José Victor Zambrana worked as an assistant researcher at the Sustainable Sciences Institute in Managua, Nicaragua, when he joined as a fellow. The Sustainable Sciences Institute is a capacity-building research lab founded by Berkeley Public Health’s Eva Harris. The Gilead Fellowship gave Zambrana an opportunity to work with Harris and advance his education in diagnostic methods for diseases like Zika and dengue. After completing his MPH degree at Berkeley, Jose Victor Zambrana has continued his training as an independent researcher in Berkeley’s Infectious Diseases and Immunity PhD Program.

After graduating from Makerere University School of Medicine in Kampala, Uganda, Dr. Daphine Kaana Namara treated an estimated 3,000 patients annually with diseases like HIV and tuberculosis. Thanks to her Gilead Fellowship, Namara received the NIH Global Health Equity Scholars (GHES) award, which provides one year of funding for continued research on HIV/TB co-infection prevention and treatment in Uganda.

Finally, Dr. Tinkhani Mbichila worked as a physician in rural Malawi before he decided to pivot to the research side of HIV and hepatitis prevention. Similar to Tegomoh, Mbichila worked as a chief medical officer in rural hospitals and saw firsthand the burden of infectious diseases. “My experience at district hospitals made me understand that the huge burden of problems we were seeing with infectious diseases could be managed through public health interventions,” said Mbichila. “Someone has to be at the bedside to treat patients, but I was prompted to get into a research role.”

For the first six months of the pilot program, the inaugural cohort of fellows attended their core breadth courses online from their home country, and then spent a year in residence on the Berkeley campus. In May 2020, the Gilead fellows completed their MPH coursework and embarked upon a two-month global health internship.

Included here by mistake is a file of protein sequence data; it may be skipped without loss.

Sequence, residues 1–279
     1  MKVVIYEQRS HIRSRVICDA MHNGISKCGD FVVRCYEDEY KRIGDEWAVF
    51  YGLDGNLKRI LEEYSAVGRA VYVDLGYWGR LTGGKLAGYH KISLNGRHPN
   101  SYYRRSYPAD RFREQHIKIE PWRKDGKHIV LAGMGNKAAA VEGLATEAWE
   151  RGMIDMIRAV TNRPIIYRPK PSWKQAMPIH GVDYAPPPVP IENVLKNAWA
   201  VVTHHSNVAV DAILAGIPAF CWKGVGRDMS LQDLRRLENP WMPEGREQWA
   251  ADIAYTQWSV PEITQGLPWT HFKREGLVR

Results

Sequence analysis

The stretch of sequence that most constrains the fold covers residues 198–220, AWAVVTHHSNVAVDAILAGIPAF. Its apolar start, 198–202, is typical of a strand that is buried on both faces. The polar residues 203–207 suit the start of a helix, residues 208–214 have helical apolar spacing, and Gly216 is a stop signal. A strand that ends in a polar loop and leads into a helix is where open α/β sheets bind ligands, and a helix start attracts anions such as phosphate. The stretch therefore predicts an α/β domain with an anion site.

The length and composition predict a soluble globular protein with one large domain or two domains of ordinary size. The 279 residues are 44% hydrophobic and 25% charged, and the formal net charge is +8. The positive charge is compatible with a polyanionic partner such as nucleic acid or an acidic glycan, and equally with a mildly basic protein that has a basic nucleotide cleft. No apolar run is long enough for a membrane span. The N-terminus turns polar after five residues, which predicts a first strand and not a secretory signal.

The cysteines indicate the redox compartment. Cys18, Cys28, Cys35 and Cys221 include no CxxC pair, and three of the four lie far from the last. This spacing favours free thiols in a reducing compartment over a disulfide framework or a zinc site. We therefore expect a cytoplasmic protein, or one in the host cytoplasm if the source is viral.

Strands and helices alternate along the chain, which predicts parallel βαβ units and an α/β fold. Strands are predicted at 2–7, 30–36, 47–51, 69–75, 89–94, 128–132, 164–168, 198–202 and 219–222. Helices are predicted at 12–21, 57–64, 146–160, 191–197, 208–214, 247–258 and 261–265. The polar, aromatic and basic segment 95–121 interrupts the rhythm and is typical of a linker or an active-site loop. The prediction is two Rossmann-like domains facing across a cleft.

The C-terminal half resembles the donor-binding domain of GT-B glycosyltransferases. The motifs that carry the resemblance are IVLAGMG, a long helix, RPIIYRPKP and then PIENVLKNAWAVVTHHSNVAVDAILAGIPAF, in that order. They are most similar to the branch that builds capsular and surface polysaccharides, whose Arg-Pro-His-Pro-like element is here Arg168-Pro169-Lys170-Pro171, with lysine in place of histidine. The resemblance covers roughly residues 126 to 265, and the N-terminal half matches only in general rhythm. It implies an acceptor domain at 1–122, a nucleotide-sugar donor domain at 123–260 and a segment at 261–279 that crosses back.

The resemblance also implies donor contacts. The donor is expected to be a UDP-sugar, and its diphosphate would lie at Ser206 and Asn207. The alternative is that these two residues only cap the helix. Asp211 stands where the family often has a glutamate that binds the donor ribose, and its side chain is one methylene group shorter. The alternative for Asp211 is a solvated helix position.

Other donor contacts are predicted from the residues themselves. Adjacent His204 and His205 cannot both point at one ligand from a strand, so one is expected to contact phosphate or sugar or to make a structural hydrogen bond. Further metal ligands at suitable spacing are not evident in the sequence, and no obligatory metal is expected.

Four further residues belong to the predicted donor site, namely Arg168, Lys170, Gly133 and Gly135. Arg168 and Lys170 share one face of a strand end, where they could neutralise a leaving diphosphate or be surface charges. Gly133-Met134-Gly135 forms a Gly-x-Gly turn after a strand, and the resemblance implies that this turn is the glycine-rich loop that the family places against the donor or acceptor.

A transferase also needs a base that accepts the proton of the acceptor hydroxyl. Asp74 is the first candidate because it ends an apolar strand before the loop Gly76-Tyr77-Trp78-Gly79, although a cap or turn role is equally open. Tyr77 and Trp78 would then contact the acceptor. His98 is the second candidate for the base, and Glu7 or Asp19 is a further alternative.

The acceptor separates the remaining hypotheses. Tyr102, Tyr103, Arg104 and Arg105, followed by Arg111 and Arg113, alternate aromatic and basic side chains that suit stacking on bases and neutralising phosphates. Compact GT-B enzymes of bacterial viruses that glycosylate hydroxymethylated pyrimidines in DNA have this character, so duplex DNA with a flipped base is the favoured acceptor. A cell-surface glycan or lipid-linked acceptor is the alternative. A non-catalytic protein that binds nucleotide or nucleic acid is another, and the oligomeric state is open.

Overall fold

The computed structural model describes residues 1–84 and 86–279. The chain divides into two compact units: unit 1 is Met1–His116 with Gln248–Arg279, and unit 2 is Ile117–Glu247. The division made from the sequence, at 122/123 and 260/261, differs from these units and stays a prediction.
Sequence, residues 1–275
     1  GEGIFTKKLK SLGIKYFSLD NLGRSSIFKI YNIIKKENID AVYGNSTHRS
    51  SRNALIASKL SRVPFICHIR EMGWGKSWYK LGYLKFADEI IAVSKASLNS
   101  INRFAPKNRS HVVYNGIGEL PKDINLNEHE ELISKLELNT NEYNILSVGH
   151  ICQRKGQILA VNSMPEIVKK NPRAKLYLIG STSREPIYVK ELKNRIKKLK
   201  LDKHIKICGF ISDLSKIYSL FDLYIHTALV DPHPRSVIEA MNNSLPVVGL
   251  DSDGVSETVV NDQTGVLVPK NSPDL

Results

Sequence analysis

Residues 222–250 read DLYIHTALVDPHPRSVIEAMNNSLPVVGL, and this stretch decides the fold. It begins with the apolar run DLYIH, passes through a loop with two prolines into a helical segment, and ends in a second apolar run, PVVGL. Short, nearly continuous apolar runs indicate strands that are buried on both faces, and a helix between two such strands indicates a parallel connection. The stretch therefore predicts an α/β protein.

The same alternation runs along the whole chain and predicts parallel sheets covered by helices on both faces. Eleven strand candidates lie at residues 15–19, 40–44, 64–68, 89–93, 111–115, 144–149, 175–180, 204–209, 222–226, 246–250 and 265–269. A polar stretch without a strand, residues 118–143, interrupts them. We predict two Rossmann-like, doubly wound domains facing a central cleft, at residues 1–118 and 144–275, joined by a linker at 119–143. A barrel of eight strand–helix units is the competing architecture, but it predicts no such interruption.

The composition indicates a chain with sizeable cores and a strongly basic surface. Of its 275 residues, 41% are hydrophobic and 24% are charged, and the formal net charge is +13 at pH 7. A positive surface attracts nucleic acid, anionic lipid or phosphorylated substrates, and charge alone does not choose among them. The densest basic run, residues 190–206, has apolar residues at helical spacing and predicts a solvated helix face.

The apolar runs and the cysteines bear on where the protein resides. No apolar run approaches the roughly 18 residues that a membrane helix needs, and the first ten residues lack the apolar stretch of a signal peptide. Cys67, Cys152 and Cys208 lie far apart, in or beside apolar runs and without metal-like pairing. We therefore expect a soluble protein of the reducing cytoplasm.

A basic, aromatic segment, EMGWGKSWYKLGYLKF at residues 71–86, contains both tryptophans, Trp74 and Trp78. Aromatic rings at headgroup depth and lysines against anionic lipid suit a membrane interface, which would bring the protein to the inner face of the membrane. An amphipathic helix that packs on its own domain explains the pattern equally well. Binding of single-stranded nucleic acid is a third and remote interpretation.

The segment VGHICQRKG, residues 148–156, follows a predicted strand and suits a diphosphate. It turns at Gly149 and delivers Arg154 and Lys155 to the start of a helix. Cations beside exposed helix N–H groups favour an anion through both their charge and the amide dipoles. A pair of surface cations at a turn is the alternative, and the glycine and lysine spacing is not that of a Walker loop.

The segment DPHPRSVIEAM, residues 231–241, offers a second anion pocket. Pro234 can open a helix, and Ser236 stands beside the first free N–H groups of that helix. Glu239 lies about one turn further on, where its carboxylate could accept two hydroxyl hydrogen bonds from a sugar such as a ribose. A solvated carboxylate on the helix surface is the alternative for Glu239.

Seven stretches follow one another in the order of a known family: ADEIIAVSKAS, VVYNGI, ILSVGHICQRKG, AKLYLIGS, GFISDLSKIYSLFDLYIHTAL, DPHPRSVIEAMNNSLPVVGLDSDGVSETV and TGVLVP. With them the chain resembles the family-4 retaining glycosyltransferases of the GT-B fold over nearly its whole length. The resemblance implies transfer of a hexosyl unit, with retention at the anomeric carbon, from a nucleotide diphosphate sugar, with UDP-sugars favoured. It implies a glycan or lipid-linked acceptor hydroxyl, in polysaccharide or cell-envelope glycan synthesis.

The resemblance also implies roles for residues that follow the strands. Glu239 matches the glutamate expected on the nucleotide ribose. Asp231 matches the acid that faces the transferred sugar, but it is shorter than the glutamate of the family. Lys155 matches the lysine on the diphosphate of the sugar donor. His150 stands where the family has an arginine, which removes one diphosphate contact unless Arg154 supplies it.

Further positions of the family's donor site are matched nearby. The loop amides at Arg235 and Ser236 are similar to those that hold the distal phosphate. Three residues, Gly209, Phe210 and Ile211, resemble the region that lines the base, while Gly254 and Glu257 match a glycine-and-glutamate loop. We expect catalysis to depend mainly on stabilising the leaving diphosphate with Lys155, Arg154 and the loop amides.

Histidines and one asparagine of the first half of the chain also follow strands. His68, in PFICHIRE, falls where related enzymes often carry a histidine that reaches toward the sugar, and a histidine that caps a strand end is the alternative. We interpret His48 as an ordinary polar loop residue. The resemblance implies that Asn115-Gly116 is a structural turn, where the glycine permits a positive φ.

At Berkeley Public Health, Mbichila and the other fellows were able to make connections with other researchers connected to their areas of interest. For instance, Mbichila even networked with researchers at other universities in the UC system, including researchers at UCSF who have weighed in on the research he has conducted with Dr. Art Reingold on the incidence of hepatitis B among blood donors in Malawi.

“Being here has been an opportunity to learn as much as I can so that when I go home, I am more equipped and trained to be able to do the kind of research that I want to do,” said Mbichila before he left UC Berkeley.

The Gilead Fellowship is a unique public-private partnership and shows a commitment from both Berkeley Public Health and Gilead Sciences, Inc. to building local-global collaborations and expanding public health expertise to global scholars.

For Tegomoh, the Gilead Fellowship gave him the network and tools to become the kind of health professional needed in his home country of Cameroon and around the world. “I have met some of the most extraordinary professors, and I’ve been amazed at the level of intellectual energy here,” he said. “I’m grateful to Gilead for this opportunity to train at this institution, and then be able to go back and give back.”